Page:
A BADSEY volunteer has launched his own campaign in a bid to warn people about the dangers of synthetic highs.
Ryan Higgs, who does work at Pershore Riverside Youth Centre, was inspired to take action after seeing the negative effect the substances had on a number of his friends.
The 20-year-old also lived in the YMCA in Worcester for two months in October last year and said he saw one of his friends hallucinate after taking the ‘legal highs’.
“People can buy these sorts of drugs from behind the counter in shops in Worcester,” he said.
“I think a lot of young people think that because these substances are known as a ‘legal high’, that they’re perfectly fine to take when they’re actually not.
“For example, there are drugs like Black Mamba, Spice and K2 that replicate the effects of cannabis, but they can be even worse for you and your body than the actual drug.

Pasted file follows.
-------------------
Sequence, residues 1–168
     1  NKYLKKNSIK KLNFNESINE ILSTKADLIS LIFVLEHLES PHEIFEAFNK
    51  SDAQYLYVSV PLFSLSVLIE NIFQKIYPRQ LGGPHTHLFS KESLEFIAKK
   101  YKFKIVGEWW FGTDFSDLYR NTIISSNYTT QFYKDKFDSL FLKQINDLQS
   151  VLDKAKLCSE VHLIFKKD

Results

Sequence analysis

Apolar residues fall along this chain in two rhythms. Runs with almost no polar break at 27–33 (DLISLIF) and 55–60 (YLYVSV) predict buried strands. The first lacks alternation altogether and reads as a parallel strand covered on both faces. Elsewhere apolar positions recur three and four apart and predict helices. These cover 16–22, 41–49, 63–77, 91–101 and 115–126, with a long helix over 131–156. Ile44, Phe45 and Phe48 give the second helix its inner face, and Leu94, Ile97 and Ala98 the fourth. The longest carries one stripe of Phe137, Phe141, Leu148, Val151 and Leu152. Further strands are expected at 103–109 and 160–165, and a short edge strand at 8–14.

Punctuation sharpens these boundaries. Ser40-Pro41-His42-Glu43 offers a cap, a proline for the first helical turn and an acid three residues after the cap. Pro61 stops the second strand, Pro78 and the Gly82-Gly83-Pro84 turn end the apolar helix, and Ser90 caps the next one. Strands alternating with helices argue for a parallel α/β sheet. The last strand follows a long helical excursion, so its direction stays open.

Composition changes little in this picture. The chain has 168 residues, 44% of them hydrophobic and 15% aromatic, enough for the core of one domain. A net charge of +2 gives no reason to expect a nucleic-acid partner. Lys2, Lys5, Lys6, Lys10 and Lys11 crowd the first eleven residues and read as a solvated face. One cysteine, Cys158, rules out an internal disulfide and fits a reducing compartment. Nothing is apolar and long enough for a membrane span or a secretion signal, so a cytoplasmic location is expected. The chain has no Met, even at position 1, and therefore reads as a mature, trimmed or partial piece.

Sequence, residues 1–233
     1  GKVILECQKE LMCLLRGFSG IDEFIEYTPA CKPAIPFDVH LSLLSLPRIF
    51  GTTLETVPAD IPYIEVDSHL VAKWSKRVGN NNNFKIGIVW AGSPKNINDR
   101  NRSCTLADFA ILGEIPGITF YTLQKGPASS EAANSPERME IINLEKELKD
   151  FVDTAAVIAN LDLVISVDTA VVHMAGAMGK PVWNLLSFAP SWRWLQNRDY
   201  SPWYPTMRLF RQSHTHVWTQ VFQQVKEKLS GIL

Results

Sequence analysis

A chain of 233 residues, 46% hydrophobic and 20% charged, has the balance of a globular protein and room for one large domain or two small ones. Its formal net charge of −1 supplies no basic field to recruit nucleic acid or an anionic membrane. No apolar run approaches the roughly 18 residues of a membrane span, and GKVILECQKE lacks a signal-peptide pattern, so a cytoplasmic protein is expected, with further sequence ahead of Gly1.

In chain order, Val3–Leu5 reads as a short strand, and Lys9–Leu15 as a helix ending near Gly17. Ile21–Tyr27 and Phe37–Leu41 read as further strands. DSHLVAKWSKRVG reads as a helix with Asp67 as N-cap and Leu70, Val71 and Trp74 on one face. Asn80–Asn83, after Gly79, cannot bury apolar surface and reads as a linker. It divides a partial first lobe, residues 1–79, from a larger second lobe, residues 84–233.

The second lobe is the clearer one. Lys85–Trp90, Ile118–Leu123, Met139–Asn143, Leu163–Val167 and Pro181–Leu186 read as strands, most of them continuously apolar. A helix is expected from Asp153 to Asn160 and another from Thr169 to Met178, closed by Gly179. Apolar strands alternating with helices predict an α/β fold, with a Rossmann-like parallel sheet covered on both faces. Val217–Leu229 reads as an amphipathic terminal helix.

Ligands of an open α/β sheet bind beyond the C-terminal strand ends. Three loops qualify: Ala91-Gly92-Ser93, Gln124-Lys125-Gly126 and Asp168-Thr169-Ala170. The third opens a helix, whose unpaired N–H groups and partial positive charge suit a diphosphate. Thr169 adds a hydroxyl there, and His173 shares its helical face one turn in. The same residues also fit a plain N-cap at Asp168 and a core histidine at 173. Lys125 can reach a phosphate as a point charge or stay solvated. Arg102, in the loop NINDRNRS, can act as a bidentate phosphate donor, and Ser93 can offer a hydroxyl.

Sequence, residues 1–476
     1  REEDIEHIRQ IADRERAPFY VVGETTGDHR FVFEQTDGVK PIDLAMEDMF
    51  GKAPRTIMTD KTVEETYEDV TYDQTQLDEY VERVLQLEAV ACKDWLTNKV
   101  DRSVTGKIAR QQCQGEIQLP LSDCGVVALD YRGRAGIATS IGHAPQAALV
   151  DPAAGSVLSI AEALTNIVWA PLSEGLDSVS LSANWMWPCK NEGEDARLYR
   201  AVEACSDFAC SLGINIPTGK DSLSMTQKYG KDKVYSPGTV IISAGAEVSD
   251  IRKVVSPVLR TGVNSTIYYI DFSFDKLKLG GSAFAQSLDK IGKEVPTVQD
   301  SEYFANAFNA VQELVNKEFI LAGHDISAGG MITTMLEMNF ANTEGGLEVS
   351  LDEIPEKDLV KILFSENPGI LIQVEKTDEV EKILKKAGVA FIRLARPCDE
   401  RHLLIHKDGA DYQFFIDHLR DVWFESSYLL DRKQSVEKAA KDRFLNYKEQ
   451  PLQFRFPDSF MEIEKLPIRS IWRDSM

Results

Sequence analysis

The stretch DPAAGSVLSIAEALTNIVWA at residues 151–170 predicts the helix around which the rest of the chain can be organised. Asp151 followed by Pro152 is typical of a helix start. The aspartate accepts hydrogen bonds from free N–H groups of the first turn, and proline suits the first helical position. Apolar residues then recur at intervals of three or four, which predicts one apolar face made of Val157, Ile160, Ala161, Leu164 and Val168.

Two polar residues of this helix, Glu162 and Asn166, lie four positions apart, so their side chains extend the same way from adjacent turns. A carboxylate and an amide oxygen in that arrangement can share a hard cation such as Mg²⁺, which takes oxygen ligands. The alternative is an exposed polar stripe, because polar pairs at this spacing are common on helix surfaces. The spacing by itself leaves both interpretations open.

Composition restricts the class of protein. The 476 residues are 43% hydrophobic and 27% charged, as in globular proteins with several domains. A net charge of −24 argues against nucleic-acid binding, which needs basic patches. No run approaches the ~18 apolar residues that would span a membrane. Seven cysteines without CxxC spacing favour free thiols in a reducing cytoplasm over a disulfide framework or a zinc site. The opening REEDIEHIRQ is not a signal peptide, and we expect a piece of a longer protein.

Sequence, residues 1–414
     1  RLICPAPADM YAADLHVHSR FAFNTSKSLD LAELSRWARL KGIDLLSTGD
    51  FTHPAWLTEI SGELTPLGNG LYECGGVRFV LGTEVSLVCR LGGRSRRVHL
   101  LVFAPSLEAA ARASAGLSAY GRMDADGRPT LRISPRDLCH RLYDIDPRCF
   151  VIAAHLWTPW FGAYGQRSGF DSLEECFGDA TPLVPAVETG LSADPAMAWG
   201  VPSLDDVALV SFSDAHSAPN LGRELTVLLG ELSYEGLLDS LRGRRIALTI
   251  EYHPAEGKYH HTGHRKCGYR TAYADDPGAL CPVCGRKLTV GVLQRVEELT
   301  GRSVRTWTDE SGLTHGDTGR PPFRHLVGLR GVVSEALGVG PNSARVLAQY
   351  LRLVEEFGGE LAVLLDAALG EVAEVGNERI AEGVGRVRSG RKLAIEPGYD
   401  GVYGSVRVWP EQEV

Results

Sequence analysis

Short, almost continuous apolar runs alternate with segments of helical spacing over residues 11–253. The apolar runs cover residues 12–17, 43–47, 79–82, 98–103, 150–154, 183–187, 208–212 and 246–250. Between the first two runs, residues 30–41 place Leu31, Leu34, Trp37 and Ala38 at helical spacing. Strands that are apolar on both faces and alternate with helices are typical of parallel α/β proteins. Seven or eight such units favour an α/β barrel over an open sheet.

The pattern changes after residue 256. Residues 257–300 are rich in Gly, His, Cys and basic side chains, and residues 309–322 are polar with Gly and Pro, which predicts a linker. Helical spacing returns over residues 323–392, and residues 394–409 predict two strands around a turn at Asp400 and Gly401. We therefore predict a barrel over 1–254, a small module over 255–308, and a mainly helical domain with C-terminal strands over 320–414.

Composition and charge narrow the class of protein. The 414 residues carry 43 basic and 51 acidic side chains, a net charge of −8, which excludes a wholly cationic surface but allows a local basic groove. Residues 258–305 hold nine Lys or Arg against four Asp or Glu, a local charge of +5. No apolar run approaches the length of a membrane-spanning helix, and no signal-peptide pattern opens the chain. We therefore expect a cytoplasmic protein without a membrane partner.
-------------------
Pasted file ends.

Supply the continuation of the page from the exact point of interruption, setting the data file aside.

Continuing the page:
“The first time I came across legal highs, I was at a party and a friend took some. He started hallucinating and acting really weird and not himself, which was quite scary.”
The substances contain chemicals which produce similar effects to illegal drugs and Ryan is aiming to raise awareness of them by working with Fixers, a charity that supports 16 to 25-year-olds with issues that matter to them.
With the charity, Ryan and his group have made a short film called Blazing, to portray the effects of synthetic highs – both good and bad – which will be shown to school pupils across the county.
“My Fixers project is to try and put people off taking legal highs,” he added. “I think it makes you a bigger person to say no to something than to be peer pressured into something you didn’t want to do in the first place.
“If I’ve changed someone’s mind about taking these sorts of drugs then I’ll be happy with myself that I’ve actually helped someone in some way.”
Fixers has already supported over 13,000 young people across the UK and visit www.fixers.org.uk for more information.